If we go with the theory of there being five basic tastes – sweet, bitter, sour, salty and umami – then it’s no surprise we like salt, is it? I’d go even further and say we are not actually truly aware just how much salt we ‘like’ as it is simply in everything!! So we are just cranked up to taste it, and therefore, almost immune to the levels we taste and consume it at.
Sodium chloride, or common salt, occurs naturally in the world as the mineral halite. The sea is considered an inexhaustible source but there are underground deposits that are mined also. Salt even arrives on earth from Mars! Over 250 million tonnes of salt is produced every year. Cubic in form and available in different sizes. From the rougher, larger forms for winter roadway deicing, through to the courser forms like kosher and pickling salt, and on to the finer granules used as table salt. Salt is used in pickling, canning, preserving, curing, water conditioning and in the making of hundreds of things including bread, butter, cheese, industrial chemicals, wood pulp, rubber, dyes, soaps, glass, polyester and so on….in fact it has around 14,000 different uses!
But the aspect of all this that we are interested in here is what it means to our bodies and its use in the food industry. Salt is the oldest known food additive and has been used to preserve food for centuries (it’s been collected in some part of the world since 6000 BC and the Ancient Egyptians used it to preserve fish back then…), but now it seems to crop up in everything. The British Heart Foundation recommends no more than 6g a day, that’s about a teaspoon. Bear in mind that’s collectively throughout the day so you have to include not only the salt you add as seasoning but the salt already contained within the products you buy and consume. The majority of ready made foods and processed items contain salt. The greatest part of your salt intake will be from these foods rather than the salt you knowingly add. Even items that you think of as ‘sweet’ have salt in them! Read the labels of the products in your cupboards (breakfast cereals for instance) and you’ll be in for a shock. If an item has more than 1.5g salt or 0.6g sodium per 100g then it’s high and should be avoided. As with sugar the rule of thumb is the more processed and packaged a food item is the more likely it is to be packed with salty nasties. Avoid…!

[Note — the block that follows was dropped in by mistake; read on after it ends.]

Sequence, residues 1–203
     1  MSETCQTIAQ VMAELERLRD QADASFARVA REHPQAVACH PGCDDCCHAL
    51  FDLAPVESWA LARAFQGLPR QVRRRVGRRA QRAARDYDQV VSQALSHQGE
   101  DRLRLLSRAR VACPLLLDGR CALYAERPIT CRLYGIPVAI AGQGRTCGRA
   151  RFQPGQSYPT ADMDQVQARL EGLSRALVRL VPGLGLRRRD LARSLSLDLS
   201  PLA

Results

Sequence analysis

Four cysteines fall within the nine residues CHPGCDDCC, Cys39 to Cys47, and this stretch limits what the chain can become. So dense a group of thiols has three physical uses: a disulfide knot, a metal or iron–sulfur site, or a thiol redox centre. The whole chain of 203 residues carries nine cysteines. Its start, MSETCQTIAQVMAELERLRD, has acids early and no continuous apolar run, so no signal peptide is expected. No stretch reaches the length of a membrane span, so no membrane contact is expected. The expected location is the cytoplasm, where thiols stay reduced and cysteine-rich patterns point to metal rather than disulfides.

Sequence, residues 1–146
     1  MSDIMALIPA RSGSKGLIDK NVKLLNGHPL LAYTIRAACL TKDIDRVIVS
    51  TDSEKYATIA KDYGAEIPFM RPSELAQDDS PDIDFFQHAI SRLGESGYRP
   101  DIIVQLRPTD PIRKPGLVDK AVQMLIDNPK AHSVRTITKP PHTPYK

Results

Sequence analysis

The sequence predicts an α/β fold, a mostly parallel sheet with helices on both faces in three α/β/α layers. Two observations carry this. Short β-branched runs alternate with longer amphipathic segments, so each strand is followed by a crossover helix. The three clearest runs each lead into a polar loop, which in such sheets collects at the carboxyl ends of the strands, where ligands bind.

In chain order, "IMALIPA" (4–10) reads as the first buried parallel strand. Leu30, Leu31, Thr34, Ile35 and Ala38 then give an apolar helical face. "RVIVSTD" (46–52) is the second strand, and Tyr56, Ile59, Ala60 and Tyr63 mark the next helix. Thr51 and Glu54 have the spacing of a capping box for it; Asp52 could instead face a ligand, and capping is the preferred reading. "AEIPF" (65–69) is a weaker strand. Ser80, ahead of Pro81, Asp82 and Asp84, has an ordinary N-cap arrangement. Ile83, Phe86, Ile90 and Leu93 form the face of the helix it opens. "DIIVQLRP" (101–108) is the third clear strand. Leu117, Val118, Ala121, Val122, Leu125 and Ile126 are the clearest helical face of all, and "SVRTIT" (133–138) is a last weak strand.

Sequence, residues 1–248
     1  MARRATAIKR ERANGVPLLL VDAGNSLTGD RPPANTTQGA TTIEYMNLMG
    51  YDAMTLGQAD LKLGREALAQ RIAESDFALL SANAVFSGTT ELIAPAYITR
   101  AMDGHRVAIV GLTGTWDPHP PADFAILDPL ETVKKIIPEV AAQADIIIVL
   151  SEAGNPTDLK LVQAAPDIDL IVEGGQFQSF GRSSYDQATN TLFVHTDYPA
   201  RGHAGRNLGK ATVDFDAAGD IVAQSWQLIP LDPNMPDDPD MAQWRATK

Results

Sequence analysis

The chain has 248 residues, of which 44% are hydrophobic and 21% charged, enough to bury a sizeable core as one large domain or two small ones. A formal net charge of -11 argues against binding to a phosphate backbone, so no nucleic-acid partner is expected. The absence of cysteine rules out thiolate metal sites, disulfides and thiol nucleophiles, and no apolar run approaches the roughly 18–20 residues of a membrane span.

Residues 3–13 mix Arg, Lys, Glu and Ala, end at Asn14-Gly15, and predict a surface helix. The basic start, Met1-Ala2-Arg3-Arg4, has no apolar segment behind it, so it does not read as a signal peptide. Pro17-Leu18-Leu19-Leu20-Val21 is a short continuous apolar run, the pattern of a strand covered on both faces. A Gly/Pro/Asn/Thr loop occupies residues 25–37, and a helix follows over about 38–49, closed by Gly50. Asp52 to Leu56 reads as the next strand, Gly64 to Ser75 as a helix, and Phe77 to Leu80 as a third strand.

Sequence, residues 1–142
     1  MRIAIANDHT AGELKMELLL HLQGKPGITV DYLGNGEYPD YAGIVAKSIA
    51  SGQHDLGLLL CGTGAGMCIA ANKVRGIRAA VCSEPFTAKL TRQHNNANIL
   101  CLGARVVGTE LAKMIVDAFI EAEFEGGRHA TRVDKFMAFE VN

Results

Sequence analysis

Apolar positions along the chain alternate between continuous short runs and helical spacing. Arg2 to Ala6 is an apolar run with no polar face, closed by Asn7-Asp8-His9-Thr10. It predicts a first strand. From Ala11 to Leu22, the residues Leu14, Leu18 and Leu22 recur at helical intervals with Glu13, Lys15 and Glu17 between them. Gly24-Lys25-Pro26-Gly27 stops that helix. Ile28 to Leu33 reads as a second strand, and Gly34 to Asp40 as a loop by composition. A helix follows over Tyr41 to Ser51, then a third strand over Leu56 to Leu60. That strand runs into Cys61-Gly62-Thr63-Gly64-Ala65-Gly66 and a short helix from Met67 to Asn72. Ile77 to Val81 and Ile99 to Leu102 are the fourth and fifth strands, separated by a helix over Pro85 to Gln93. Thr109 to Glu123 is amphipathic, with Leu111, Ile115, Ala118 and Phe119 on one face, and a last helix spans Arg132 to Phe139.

Many people eat too much salt. You only have to do a quick calculation of a days intake to know if you’re one of them! However, salt (sodium) is vital to human life as it regulates the water balance in our bodies, keeping us hydrated, and is used in nerve and muscle function.
It is generally said that salt puts you at risk of high blood pressure (hypertension) which means you then risk the grim likes of heart disease, kidney failure and stroke. BUT here’s a twist in the tale…some recent research has shown this is not strictly the case and that it could be only those who are ‘salt sensitive’ that may benefit from a reduced intake. It is a hotly contested debate. The British Heart Foundation recommends a reduced sodium diet and intake, warning of the possible dangers, yet there are those disputing the benefits of this reduction like the American Journal of Hypertension saying, ‘there is not any positive direct evidence to support such recommendations.’ Well…I’ll be…! BUT (again) other studies and scientific journals state categorically that we should reduce our sodium intake below 6g per day to reduce the risks of any consequential ill health.
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